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How EPA’s influence the chemicals of inflammation and repair

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The term ‘anti-inflammatory’ has been thrown around in therapy for years. The anti-inflammatory effect has long been described as one of the major benefits of therapy and I still see this term being used regularly. This week we will discuss how this term is outdated in relation to tissue repair and why in fact, being pro-inflammatory is actually the major benefit we should all be striving to achieve. We will also look at how electrophysical agents (EPA’s) can kick start the healing process.

Pain and swelling are signs of inflammation and it is true that we want to reduce any negative impact that inflammatory fluid has on the animal in the early stages of injury. I am not suggesting that we try to stir that up or augment acute inflammation. It is not a good idea, in the first few days of injury (or any other time for that matter), to ignore the pain and swelling and carry on regardless. However, oedema is just a consequence of inflammation and not inflammation itself (by the way it is actually there for good reason and has an important role to play but that’s for another Knowledge Nibble).

The healing process is VERY sophisticated and where the conditions for healing are absolutely optimal, it will follow a mapped out series of events which take the injury from acute to full repair. It is easy to lose sight of how awesome this process is, due to the fact that the patients we work with are most often in a compromised healing state. The reason we are seeing them is because something has gone wrong! But let’s be clear, if we are seeing patients with inflammation, at say 10, 12 weeks after the initial injury, this is not normal. In these cases the patient is stuck in the inflammatory phase and it is our job to push them through to the next phase of proliferation. It is not our job to ‘reduce’ the inflammation or use an intervention that produces an ‘anti-inflammatory’ effect.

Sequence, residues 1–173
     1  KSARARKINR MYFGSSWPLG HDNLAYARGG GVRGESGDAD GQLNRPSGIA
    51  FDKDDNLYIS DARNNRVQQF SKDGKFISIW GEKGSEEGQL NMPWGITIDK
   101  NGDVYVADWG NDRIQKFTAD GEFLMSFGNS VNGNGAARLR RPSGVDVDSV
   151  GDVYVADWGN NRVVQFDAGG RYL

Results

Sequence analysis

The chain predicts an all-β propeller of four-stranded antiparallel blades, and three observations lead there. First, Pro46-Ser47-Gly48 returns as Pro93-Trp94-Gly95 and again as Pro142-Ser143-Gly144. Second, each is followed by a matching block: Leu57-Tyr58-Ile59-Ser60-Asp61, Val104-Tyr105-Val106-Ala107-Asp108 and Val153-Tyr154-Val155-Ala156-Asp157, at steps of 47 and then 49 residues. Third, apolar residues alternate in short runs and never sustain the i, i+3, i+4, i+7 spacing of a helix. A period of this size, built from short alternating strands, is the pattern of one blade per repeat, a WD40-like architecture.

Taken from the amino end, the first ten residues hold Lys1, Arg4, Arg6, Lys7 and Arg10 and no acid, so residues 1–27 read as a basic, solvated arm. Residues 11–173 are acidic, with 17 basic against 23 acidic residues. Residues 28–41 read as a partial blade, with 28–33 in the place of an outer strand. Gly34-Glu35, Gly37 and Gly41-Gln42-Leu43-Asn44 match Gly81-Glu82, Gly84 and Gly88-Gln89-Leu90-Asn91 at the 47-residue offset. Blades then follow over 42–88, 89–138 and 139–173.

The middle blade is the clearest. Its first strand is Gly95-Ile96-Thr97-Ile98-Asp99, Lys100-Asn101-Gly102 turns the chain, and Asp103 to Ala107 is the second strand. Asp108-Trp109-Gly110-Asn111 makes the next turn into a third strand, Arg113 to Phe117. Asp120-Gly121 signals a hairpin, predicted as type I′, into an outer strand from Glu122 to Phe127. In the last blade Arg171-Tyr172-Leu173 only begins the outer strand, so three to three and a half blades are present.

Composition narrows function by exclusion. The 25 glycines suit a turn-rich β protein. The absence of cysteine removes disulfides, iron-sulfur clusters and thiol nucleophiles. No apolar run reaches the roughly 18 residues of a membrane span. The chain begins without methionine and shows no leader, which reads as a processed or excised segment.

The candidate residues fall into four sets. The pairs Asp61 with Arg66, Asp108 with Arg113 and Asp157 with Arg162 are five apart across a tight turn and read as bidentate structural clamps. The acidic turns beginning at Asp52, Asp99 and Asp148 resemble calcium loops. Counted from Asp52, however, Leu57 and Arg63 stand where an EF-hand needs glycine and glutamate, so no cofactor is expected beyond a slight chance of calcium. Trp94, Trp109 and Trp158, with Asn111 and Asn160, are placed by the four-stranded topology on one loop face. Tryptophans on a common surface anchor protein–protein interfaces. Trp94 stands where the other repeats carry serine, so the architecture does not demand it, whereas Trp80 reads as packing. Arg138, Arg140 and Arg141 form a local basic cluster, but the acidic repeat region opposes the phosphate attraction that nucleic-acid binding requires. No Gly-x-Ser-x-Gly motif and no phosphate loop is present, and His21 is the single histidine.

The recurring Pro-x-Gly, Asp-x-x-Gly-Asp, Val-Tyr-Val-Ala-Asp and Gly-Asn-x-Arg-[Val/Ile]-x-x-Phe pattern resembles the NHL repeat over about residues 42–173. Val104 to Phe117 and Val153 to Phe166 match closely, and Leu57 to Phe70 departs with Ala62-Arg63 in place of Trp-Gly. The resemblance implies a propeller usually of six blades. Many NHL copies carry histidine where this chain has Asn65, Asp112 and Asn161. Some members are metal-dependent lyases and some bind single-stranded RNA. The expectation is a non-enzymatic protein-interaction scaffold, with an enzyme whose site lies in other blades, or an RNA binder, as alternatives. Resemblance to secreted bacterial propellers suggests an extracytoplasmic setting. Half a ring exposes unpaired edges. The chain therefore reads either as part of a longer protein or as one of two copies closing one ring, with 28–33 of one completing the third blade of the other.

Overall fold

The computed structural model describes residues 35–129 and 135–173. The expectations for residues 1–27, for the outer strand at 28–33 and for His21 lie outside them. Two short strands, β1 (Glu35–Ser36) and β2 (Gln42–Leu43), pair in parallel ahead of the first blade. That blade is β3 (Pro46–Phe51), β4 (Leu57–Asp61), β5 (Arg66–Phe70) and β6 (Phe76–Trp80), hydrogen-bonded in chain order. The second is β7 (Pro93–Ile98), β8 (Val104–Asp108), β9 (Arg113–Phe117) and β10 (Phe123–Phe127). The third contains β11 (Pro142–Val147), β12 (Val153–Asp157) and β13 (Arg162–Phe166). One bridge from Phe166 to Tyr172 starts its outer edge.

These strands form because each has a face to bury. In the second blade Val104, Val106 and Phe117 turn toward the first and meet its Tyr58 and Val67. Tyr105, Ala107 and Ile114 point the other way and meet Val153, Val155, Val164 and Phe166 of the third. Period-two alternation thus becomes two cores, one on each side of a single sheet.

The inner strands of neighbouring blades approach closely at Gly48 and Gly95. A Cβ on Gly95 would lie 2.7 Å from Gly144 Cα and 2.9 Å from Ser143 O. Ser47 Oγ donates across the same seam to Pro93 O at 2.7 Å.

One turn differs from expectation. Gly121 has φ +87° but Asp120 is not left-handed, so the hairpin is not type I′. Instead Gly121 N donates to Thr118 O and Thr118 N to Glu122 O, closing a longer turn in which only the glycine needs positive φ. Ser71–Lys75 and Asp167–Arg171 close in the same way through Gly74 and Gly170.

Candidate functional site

What do chemicals have to do with all this?....

Inflammation should not be seen as the enemy. It is absolutely essential to the repair process. A very impressive cascade of events take the injured tissue on a journey through the inflammatory phase, doing its job of clearing away debris and providing a fibrin meshwork as a foundation on which migrating cells can settle. These events are controlled by chemical mediators; you can think of these mediators as little messengers which talk to blood vessels and cells. They effectively give the orders to switch on, ramp up and finally resolve inflammation, then trigger the signals to move to the next stage. It’s all driven by chemical mediators and these are released from cells (or at least they should be). These messages continue throughout the next stage of proliferation, where the material required for repair is produced and into the final stage of remodelling where this material is organised and strengthened.

What is the problem then?

Inflammation can get stuck for many reasons. For example, if the original irritant is still there (infection, foreign body, mechanical overload etc) then inflammation will persist; this irritant will need to be addressed. Other factors such as age, general health, nutrition and comorbidities can play a part. But to cut a long story short, the cells that are responsible for releasing these essential chemical messages are not working well. They are slow and lazy. As you can deduce from the above, no chemicals = no action. In non-healing injuries we have reached a stalemate!
Laser

Where can therapy help?

Somehow, we need to energise these cells and get them doing their job again. There are various ways that we can influence cellular activity which include manual techniques and exercise. But for the sake of this article we will consider the effect of EPA’s on the cell.